Dane County Executive Joe Parisi and City of Madison Mayor Satya Rhodes-Conway announced today that Ada Deer and Kenneth R. Cole are this year’s recipients of the combined City-County Humanitarian Award honoring Reverend Dr. Martin Luther King, Jr. The award winners were selected by the City-County Reverend Dr. Martin Luther King, Jr. Commission and are community members who reflect the values of Dr. Martin Luther King, Jr.
“Both Ada and Kenneth honor the spirit of Dr. Martin Luther King, Jr. through their efforts to serve our community and make it a better place for everyone,” said Dane County Executive Joe Parisi said in a statement. “Whether it be Ada’s lifelong commitment to Native rights and education or Kenneth’s emerging leadership in youth development and community organizing, both have accomplished great things and lift our community up. Ada and Kenneth’s dedication to service make them excellent recipients of this award.”
“I am really pleased to honor these two recipients,” said Mayor Satya Rhodes-Conway in a statement. “Kenneth Cole is the face of the new generation of leaders, and I look forward to watching him expand his circle of influence. And Ada Deer has been a leader and mentor to thousands of Wisconsinites for many years. She is a true inspiration.”
The City and County will present the awards at the annual City-County Martin Luther King, Jr. Observance on Monday, Jan. 20, at the Overture Center Capitol Theater, 201 State Street, Madison. The program will run from 6 pm to 8 pm.
Award recipients bios (as supplied by the City and County):
Ada Deer will receive the Humanitarian Award from Dane County. Ada grew up in poverty on the Menominee reservation, but that did not stop her from achieving her goals. She went on to obtain a bachelor’s degree in social work from UW-Madison and a master’s degree in social work from Columbia University School of Social Work.
In 1971, Ada became a leader for a grassroots movement of the Menominee people that resulted in a historic reversal of unjust federal Indian policy and restored federal tribal recognition. This movement established a precedent that other tribes followed for their tribal restoration and empowered Indian tribes to achieve justice and assert their tribal sovereignty. Ada also became the first female tribal chair in Menominee history.
In 1976, Ada was recruited to come to UW-Madison to teach at the UW School of Social Work. Through her instruction, Ada exposed many future social workers to the needs of communities of color and low-income people.
In 1992, Ada became the first American Indian woman to win the nomination of a major political party for Congress, when she won the Democratic nomination for the 2nd District. After losing the general election, Ada applied for and became the assistant secretary for Indian Affairs for President Bill Clinton—the first woman to hold the position. During her tenure, 226 Alaskan Native villages as well as American Indian tribes in California and Michigan received federal recognition.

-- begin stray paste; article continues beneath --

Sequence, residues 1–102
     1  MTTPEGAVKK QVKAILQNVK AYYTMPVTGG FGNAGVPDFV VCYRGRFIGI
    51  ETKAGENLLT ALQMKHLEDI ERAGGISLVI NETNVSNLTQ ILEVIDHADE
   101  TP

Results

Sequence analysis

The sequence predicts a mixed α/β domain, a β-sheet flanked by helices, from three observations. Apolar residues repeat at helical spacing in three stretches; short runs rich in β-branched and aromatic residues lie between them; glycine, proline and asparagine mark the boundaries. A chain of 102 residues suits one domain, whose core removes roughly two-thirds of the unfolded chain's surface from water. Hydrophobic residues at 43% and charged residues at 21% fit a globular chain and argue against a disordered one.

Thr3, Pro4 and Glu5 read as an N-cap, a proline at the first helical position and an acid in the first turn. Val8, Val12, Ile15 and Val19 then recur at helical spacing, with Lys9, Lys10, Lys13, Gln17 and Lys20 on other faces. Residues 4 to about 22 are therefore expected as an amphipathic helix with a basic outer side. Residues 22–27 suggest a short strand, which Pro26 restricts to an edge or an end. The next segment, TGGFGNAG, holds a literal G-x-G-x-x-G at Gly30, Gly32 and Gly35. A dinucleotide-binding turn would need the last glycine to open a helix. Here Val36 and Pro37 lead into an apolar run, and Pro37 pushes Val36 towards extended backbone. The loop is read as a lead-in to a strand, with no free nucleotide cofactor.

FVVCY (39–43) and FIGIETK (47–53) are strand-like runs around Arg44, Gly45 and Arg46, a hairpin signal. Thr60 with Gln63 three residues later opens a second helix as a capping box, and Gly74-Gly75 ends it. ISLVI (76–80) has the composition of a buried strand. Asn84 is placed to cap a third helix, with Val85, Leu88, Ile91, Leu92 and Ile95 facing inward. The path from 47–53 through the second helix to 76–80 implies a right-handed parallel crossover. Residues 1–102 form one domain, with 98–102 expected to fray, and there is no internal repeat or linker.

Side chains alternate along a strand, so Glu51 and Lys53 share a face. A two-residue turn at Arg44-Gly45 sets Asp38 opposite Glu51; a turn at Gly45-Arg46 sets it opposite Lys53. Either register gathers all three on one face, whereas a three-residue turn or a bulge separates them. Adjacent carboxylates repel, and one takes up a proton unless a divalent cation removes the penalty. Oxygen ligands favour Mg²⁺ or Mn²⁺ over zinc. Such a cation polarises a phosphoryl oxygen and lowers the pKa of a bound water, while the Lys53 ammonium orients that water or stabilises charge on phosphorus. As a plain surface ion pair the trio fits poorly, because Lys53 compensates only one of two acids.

In addition to these accomplishments, Ada ran twice for Wisconsin secretary of state. From 1998 to 2007, she was the director of the UW-Madison American Indian Studies Program and retired as a distinguished lecturer emerita. Ada also authored the book “Making a Difference: My Fight for Native Rights and Social Justice.”
Kenneth R. Cole
Kenneth R. Cole will receive the Emerging Leaders Award (ages 13-25) from the City of Madison for being a leader in his respective area. Kenneth was born and raised in Los Angeles, California by his family and local church in the value of faith. Kenneth’s involvement in his community began at church, where he has served as choir member, youth leader, and Sunday school superintendent.
In high school, Kenneth was involved in various extracurricular activities, including serving as student body president and facilitating the leadership class. These service opportunities led to Kenneth being nominated for the Posse Foundation Academic/Leadership Scholarship at UW Madison. While at university, Kenneth continued working for people and his community by serving in leadership roles with organizations, including the Wisconsin Black Student Union, the Black History Month Planning Board Committee, and Alpha Phi Alpha Fraternity, Inc.
Some of the most notable work during Kenneth’s time on UW Madison’s campus involved the accomplishments of the UW-Blackout and Blindside campaigns, in which a slew of demands and initiatives aimed at bringing access, equity, and inclusion to socially and economically underrepresented students on campus were enacted.
Since graduation, Kenneth has worked towards youth development and community organizing with the Boys & Girls Club of Dane County, the Urban League of Greater Madison, Madison School & Community Recreation, and the Wisconsin Leadership Development Project—among other professional organizations. In his current path, Kenneth finds himself working to build and sustain engaging and enriching after school programs and tutoring services at Sherman Middle School.